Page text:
Back in late August I’d just returned to work after a relaxing week in Devon. The first day back at work after time off is always a peculiar one: overwhelmed with email, I’d attempted to start somewhere, then stopped and wrote a list of what I needed to do, then prioritised this list, then colour-coded it…. Desperate for a distraction I dragged a colleague out for a coffee. Little did I know that £123 and lots of ‘such a great way to get fit!’ comments later I was signed up for Tough Mudder London South 2014…
I’m a reasonably fit and healthy person, I go running in the mornings and I try to not put C.R.A.P. (caffeine, refined sugar, alcohol, processed foods) into my body. The 3rd element is often where I struggle… Anyway, with the lacrosse season soon to be starting I thought signing up for a Tough Mudder would be a great way to get back in shape, raise money for Help for Heroes and have fun with friends.
It’s now early October and with only 3 weeks to go, the ‘I’ll start proper training tomorrow’ excuse seems to be wearing thin. So, I’ve given myself a 3 week, 3 step target to get prepared for one of the toughest physical and mental challenges out there. This is one of my tried and tested plans for when I have minimal time to make my body ready to be pushed to the limits. Whether it works for Tough Mudder, well, I’ll let you know in 3 weeks…
1. Protein, protein, protein
I try to increase the amount of protein I’m consuming when training for something specific and only eat carbs after a workout. Protein builds muscle and strong muscles are what I need to push me through the Tough Mudder 12 mile – 22 obstacle course. This doesn’t need to be hard work however, I just make sure every meal and every snack has a protein element. Some may reach for the shakes, but I reach for the eggs. Eggs in the morning, chicken salad at lunch, tuna or salmon steaks for dinner. Clean, lean and will not only improve your workouts, you’ll feel great too.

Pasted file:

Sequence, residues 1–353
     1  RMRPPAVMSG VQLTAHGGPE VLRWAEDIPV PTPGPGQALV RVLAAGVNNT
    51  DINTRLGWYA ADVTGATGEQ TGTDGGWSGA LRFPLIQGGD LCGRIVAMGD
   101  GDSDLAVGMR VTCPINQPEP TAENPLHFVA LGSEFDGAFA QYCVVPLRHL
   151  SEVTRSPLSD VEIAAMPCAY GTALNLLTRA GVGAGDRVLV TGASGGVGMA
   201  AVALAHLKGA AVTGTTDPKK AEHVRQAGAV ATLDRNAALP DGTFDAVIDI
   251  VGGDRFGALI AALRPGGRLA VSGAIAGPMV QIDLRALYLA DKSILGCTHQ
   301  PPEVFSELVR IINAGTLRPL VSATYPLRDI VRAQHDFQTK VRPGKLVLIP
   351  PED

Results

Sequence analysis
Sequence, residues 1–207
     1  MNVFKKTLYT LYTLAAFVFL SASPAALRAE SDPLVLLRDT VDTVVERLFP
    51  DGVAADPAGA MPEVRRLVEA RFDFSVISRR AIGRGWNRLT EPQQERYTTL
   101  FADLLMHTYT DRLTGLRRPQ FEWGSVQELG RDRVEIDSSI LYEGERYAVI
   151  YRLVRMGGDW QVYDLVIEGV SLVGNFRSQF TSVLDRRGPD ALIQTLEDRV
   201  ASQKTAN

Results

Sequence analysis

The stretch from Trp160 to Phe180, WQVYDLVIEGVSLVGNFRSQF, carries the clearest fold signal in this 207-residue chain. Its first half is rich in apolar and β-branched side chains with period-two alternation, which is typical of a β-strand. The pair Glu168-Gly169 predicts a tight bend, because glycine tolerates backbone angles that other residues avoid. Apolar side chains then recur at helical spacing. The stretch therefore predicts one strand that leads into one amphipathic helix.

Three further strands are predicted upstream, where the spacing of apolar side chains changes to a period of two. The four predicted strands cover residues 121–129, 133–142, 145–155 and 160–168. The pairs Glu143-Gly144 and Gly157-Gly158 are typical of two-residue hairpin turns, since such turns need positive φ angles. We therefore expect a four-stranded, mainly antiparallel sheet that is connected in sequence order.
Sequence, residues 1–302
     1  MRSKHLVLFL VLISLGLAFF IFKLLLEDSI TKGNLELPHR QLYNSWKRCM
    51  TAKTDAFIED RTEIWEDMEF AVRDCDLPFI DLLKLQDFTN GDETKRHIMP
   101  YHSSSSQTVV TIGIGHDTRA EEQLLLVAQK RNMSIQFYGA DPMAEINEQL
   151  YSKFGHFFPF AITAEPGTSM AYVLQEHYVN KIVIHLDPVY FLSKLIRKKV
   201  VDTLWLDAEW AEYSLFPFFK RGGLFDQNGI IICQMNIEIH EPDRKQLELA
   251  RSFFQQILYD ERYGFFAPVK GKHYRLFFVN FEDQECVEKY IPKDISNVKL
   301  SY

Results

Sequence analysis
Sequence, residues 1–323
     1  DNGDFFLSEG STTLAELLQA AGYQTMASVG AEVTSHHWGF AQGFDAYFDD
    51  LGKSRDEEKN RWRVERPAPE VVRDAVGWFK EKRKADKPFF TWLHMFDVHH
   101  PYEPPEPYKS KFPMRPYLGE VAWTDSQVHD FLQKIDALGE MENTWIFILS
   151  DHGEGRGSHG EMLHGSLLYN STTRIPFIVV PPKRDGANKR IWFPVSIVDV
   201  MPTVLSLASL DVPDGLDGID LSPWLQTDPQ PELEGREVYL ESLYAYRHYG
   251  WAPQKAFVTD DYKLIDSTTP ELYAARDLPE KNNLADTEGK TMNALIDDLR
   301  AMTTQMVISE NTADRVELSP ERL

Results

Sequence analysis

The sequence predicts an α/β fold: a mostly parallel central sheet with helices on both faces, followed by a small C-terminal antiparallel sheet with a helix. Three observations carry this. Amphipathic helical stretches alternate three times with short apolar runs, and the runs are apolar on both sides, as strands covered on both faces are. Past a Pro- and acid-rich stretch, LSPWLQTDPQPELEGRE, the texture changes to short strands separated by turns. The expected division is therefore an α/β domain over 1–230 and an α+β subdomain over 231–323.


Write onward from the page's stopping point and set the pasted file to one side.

2. Do something (physical) every single day
“If you stick at something for 30 days straight it becomes a habit and habits are much harder to quit.”
I don’t have a gym membership which means that I have to be a little more creative with when, where and how I workout. So, I try to run in the mornings – a variety of interval sprints, speed endurance and stamina training – and try to do some core/upper body workout too.
BUT. It’s October, it’s getting pretty cold, it’s near pitch-black when I wake up for my run and there are just some things your body just says no to. If you make something a habit though, you start to feel the guilt and nag when you break that habit. So, I will be trying to get out there each morning if only for 20 minutes each day over the next 3 weeks. If it really is a frozen monsoon however, 20 mins of lunges, burpees, press ups and core in your sitting room is a good enough substitute.
3. Train hard, play easy
I’ve been playing sport competitively for as long as I can remember. My dad was a great rugby player and now coaches the sport. One of his pearls of coaching wisdom really stuck with me recently: “train hard, Em, then you can play easy”. On the day of Tough Mudder I’ll need all the mental energy I can summon in order to jump into freezing ice water and swim under barrels, run through electric shock wires and climb over 3 metre walls. I don’t need my body packing in on me half way round – so to combat this I’ll follow Dad’s rule and train as hard as I can to make the ‘play’ that little bit easier.